Nearly two years ago, a friend and I began discussing the future of the United Methodist Church. For the past twenty years of ministry, our church has been involved in discussions over highly charged issues such as human sexuality, possible term limits for bishops, and the continued need to restructure the growing, confusing bureaucracy of the church.
My friend, who has been in ministry nearly 60 years, reminded me that these are just the twenty years of my ministry. The conversation goes back even further in his own tenure, counting for most of the time the United Methodist Church has been in existence (going back to 1968).
The conclusion for both of us is that the UMC has spent too much time exploring, debating, and disagreeing over a wide number of issues that, as of the time of this blog article, we are no closer to solving. In fact, we appear headed even further down the path of division and mistrust.
No, we continue to plow the road as though we live contractually together, believing that just the right number of votes swaying beliefs on either side will cause a surge of unity. It will not….ever. I don’t mean to the be the naysayer here but the core on either side of the various issues that ring so loudly in the life of our church are not going to change.
I for one have given a great deal of thought and prayer to what I believe, crossing over the Wesleyan quadrilateral thousands of times on my journey to make sense of what God’s will is for each of the issues at play.
And, though I believe that so many of our current leaders have meant well with their books, articles and treatises, I see little headway except to stir a bit more this boiling pot of contention.
So back to last year… so many of us saw this coming (and even, I believe, see further down this road… but that is for another article) and realized that what so many of our churches DID have in common was a genuine need to be in ministry—to reach the world for the gospel of Jesus, to march straight ahead into issues of injustice and poverty, and to consistently seek to develop and send new voices of hope into the world.
The result of these conversations was the creation of the Wesleyan Covenant Network. This is not a new denomination or even an attempt at a new church. No, quite simply, this is a parking lot for churches who want to focus on those things that churches should care about at the deepest levels of their existence. Issues like:
n Reaching the world with the Good News of hope in Jesus Christ
n Building new congregations that seek to live faithfully and consistently against the backdrop of a broken world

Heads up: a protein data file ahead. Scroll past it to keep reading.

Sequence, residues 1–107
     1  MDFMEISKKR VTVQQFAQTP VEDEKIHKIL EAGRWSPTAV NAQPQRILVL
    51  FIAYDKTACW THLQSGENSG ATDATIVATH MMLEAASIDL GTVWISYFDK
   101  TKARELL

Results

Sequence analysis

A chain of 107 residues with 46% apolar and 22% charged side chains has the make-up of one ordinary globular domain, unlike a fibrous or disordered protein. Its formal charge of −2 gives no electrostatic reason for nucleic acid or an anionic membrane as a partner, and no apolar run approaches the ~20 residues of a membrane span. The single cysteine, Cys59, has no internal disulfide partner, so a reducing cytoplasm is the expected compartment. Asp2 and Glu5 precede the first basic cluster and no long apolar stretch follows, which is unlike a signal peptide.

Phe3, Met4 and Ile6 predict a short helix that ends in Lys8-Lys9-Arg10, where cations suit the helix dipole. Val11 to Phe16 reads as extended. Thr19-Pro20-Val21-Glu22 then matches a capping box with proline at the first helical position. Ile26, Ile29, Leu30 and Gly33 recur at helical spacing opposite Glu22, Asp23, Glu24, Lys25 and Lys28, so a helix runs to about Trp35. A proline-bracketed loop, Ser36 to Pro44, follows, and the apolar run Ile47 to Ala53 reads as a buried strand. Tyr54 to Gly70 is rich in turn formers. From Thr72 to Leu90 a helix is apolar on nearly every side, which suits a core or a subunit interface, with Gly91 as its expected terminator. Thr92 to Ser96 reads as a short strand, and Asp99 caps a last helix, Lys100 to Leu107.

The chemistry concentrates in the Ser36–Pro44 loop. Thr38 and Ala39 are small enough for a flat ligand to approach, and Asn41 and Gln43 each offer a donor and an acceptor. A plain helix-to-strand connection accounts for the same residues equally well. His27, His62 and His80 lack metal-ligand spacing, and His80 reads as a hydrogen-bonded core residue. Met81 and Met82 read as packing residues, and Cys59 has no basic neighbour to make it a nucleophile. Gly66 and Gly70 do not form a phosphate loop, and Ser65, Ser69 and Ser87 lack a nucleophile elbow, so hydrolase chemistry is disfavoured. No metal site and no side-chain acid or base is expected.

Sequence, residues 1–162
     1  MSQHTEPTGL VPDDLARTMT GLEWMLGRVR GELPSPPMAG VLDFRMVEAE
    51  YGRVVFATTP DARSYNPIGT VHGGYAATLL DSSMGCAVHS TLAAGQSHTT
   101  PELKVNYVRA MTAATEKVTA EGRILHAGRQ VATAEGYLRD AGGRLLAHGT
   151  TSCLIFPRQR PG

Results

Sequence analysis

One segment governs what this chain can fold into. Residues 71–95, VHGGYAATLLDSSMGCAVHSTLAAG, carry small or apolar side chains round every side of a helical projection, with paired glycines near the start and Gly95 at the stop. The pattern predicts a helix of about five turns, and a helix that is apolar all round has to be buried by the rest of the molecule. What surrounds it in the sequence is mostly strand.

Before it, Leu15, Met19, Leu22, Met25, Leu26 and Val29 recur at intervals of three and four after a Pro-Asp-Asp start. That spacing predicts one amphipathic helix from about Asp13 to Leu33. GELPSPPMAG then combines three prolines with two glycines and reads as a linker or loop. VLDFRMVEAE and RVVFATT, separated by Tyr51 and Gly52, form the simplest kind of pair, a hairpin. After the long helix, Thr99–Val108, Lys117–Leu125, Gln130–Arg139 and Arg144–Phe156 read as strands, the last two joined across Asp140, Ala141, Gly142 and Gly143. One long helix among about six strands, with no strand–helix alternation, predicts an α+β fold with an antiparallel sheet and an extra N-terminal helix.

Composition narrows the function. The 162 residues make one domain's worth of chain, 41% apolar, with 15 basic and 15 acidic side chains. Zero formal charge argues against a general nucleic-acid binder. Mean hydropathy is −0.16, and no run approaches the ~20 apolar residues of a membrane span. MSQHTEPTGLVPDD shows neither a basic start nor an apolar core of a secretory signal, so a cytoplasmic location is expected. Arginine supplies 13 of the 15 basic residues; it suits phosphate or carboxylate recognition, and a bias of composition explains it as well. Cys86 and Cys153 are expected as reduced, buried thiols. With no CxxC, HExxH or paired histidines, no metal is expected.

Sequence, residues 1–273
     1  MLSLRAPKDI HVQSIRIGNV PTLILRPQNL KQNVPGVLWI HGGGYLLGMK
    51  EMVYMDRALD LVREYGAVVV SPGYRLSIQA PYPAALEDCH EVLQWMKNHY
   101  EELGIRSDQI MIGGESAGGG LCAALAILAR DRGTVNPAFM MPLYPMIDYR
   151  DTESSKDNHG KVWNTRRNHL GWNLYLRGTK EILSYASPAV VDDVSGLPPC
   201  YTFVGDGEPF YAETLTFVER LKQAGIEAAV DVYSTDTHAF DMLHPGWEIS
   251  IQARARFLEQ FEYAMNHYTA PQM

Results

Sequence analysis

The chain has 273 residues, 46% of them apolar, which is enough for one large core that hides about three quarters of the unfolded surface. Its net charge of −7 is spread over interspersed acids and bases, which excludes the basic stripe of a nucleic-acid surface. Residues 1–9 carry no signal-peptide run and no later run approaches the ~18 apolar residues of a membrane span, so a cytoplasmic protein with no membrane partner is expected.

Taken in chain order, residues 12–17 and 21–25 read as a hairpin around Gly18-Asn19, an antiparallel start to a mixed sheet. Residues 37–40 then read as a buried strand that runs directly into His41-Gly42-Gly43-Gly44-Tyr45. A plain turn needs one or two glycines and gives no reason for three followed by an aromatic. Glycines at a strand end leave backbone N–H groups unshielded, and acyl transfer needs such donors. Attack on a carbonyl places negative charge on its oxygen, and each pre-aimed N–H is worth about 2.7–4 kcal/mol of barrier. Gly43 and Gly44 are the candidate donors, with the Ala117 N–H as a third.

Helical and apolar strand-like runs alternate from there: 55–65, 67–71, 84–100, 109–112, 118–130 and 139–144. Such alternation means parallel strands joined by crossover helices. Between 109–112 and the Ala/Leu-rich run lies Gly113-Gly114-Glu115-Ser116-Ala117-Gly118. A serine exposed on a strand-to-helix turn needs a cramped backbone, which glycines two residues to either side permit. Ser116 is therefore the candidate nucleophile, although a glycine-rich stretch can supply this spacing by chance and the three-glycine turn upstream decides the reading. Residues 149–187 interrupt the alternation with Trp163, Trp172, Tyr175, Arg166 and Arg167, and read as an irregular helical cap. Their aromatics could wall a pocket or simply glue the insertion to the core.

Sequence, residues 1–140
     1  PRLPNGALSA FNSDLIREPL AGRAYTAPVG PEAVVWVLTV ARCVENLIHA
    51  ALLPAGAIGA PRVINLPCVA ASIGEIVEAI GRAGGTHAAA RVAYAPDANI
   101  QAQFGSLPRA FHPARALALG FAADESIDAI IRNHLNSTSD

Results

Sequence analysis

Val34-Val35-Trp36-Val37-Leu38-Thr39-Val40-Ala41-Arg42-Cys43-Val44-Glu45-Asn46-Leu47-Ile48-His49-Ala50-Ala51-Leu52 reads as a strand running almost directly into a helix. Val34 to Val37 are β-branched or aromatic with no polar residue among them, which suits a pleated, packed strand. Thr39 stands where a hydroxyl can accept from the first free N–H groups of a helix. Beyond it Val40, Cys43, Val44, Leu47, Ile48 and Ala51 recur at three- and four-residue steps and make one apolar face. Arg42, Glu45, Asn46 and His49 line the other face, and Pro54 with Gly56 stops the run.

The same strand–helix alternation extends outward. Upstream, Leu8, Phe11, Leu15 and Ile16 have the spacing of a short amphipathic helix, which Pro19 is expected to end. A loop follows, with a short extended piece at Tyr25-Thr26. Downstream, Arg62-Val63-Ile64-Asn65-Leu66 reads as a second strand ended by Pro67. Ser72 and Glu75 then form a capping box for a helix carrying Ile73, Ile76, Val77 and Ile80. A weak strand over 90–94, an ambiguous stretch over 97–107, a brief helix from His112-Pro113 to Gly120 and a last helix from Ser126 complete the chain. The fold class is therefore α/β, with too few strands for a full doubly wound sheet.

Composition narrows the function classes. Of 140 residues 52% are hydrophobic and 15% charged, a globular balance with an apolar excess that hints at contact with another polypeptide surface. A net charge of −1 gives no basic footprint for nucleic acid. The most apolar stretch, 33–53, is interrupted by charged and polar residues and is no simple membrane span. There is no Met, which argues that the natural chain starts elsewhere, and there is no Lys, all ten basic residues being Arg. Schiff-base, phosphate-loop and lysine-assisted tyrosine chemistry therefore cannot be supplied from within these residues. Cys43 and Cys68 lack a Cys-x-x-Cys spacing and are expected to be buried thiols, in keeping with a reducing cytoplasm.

n Raising up new generations of leaders and servants ready to invest themselves into the deepest, broken spaces around the globe
n Providing resources that teach the basics of a Gospel that still transforms hearts and lives—including marriages, families, etc.
Our name is not an accident. We are Wesleyan because we follow the doctrinal principles and standards of John Wesley and the teachings of his movement around the world.
We are Covenantal because we are bound by a deeper bond of grace, forgiveness and love that is not about ‘what you can do for me’ but ‘what can I do for you in the name of Jesus Christ’.
And, we are a Network because we realize that one congregation is not enough to do this journey alone. We have been created to walk in unity and faithfulness together.
Our doctrinal standards are simple. We follow the current doctrinal and disciplinary standards of the Book of Discipline of the United Methodist Church. Nothing has changed in the Book of Discipline’s doctrines or discipline that we don’t agree with and that we are not prepared to follow faithfully. And, no matter what, we plan to follow these standards as the proper expression of our faith as Wesleyans and Methodists, regardless of any acts of disobedience or resistance by other groups in the Church. WE believe the Book of Discipline faithfully follows the teachings of Jesus Christ, the most sacred treatises of church heritage and tradition, and express a reasonable, grace-filled approach to a broken world in need of transformation and salvation.
Now, true, the Church is struggling like a man struggles to catch his breath. We have divided so many of our issues into a complete ‘yes’ and a complete ‘no’. Or, even worse, we have made the issues a battle between complete ‘good’ and complete ‘evil’. Neither is correct.